By the time these youth reached the job market, the 2008 financial crash hit, vastly accelerating all of the processes begun in the 1980s. The Obama administration organized the bailout of the banks and a massive transfer of wealth from the working class to the rich.

The results have been devastating.


More millennials have a college degree than any other generation of young adults. In 2013, 47 percent of 25- to 34-year-olds received a postsecondary degree. For most, however, getting a college education has not led to a significant increase in quality of living.

Instead, millions of young people are working jobs for which they are vastly overqualified and are shackled with unprecedented levels of debt. For the millennials who did not go to college, the situation is even worse.

Jobs and wages

Many millennials rely on what is referred to as the “gig economy,” where workers often make minimum wage, have no benefits or retirement plan, and are forced to work two, three or even four jobs to make ends meet.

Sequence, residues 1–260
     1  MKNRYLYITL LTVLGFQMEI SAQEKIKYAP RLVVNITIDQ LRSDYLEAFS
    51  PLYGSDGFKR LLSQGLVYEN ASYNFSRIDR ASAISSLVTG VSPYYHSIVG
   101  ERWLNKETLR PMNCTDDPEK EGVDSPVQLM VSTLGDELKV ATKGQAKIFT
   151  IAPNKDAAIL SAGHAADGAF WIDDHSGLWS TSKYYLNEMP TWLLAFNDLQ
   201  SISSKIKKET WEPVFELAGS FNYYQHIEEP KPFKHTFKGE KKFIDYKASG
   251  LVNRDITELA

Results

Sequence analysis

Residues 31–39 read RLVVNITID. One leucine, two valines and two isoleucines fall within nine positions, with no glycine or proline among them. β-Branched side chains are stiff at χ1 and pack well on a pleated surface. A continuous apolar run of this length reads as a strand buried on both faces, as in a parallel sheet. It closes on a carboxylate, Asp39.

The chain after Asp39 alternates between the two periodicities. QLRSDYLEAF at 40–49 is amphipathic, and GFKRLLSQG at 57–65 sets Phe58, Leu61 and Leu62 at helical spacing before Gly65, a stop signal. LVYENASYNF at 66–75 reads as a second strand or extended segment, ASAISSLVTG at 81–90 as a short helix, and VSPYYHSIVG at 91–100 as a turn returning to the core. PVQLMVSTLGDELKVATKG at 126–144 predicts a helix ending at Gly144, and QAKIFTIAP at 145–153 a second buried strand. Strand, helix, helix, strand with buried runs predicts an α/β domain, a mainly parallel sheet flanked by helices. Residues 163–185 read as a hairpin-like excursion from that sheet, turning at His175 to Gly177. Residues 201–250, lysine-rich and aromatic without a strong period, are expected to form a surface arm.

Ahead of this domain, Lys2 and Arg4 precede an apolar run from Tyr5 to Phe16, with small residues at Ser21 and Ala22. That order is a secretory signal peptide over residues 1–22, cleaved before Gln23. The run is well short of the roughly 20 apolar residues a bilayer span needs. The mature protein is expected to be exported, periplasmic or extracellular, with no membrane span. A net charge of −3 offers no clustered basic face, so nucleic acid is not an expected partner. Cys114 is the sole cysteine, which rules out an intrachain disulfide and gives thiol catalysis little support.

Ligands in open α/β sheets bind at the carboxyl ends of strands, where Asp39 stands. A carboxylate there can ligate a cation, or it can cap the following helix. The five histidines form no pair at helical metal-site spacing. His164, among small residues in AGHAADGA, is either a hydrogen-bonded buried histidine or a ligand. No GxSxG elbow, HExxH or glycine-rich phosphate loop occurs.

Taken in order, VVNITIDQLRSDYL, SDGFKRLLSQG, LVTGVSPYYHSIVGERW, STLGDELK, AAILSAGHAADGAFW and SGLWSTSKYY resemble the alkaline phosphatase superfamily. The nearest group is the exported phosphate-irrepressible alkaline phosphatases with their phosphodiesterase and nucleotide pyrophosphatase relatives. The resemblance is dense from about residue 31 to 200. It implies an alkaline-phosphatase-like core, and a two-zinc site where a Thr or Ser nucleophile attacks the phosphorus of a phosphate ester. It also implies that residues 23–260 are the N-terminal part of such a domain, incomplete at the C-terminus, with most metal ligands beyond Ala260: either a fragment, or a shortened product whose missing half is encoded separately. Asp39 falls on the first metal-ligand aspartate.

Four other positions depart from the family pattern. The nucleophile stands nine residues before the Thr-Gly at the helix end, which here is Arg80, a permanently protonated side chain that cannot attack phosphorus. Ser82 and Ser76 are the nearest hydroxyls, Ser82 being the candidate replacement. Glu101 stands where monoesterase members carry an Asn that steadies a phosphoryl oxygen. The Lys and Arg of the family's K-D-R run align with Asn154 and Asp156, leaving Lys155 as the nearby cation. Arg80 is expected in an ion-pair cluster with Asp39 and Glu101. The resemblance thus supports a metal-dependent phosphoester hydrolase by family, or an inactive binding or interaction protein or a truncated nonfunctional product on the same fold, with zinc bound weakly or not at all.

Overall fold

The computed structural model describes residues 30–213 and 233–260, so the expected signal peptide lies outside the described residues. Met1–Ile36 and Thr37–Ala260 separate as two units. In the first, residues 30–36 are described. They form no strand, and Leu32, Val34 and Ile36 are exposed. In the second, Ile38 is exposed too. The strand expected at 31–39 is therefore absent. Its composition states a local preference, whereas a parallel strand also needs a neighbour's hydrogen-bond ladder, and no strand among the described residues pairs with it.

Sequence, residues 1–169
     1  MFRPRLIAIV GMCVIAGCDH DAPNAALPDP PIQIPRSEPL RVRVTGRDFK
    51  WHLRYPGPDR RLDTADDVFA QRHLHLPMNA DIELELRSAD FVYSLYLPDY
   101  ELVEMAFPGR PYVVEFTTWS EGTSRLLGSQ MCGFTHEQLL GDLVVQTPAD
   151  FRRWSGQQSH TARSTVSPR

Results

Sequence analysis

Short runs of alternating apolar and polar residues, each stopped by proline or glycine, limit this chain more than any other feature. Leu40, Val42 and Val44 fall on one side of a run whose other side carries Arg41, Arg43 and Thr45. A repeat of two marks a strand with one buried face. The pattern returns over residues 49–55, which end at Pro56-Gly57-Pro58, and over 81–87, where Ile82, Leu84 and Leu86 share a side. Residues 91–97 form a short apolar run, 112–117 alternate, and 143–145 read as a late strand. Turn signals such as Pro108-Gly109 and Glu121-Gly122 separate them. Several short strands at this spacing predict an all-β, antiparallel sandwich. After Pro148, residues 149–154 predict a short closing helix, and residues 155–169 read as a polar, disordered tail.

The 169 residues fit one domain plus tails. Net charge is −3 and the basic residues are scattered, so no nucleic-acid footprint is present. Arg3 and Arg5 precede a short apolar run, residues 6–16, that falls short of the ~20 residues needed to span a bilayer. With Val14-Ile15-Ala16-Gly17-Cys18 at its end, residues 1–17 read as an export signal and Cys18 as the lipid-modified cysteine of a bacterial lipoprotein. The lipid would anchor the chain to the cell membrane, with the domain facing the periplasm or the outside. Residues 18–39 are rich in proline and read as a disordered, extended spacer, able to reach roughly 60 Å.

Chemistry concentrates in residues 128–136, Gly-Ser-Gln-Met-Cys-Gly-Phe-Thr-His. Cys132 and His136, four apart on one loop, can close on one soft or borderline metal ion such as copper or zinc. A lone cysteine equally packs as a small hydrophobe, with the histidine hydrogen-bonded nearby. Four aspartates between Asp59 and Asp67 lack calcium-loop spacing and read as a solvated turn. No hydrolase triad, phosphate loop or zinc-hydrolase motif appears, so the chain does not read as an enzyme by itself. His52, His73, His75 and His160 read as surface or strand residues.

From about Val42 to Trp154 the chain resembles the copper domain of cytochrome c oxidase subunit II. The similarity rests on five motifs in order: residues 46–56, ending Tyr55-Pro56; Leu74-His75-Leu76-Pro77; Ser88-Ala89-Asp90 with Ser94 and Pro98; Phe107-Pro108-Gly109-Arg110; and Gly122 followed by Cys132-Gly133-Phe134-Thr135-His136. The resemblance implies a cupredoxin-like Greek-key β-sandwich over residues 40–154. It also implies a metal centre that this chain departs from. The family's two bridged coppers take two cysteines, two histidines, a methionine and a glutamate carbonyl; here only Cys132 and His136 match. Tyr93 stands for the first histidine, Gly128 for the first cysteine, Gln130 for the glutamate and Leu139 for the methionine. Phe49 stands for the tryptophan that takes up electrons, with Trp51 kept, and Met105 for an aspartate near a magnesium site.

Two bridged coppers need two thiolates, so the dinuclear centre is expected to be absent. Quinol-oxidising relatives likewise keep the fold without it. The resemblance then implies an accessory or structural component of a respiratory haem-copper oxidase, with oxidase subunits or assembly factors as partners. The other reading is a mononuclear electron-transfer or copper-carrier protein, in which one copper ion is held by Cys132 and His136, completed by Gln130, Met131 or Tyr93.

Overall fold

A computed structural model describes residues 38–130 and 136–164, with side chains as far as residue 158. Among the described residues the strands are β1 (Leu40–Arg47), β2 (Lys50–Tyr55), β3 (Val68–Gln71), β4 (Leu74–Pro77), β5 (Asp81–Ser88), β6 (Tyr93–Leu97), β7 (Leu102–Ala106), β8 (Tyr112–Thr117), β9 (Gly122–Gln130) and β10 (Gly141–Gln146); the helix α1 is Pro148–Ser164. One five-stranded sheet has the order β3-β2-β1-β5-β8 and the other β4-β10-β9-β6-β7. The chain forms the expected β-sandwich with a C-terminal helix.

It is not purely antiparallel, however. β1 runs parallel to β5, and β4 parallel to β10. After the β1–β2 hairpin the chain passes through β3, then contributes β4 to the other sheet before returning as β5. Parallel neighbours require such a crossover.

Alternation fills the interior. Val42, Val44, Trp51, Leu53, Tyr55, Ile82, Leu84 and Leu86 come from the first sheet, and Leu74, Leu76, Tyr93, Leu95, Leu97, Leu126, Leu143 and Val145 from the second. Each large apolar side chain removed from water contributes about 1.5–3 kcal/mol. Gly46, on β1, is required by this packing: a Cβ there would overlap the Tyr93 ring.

This work is often paid by task, assignment or sales, and it requires only a short-term relationship between the worker and the customer. These include jobs like freelance work, driving for Uber, sales on Etsy, renting out rooms on Airbnb, and other various temp jobs.


Between 2001 and 2014, the number of households spending over half their incomes on rent grew by more than 50 percent. As housing prices have exploded, the number of 30- to 34-year-olds (the older segment of millennials) who own homes has plummeted.

Andréa is a 25-year-old non-profit worker from California. “I didn’t go to Columbia or Harvard. I got a basic education. I was responsible and stayed local to pay in-state tuition. Now, tens of thousands of dollars in debt, the lowest my monthly bill can possibly be is $200 a month.

“It has an impact on every decision I make. Any extra bill matters. I can’t think about buying a car or getting sick. In the winter, I had to go to the emergency room. I spent no more than an hour in the ER. Two months later I got a bill in the mail saying they were charging me $9,000.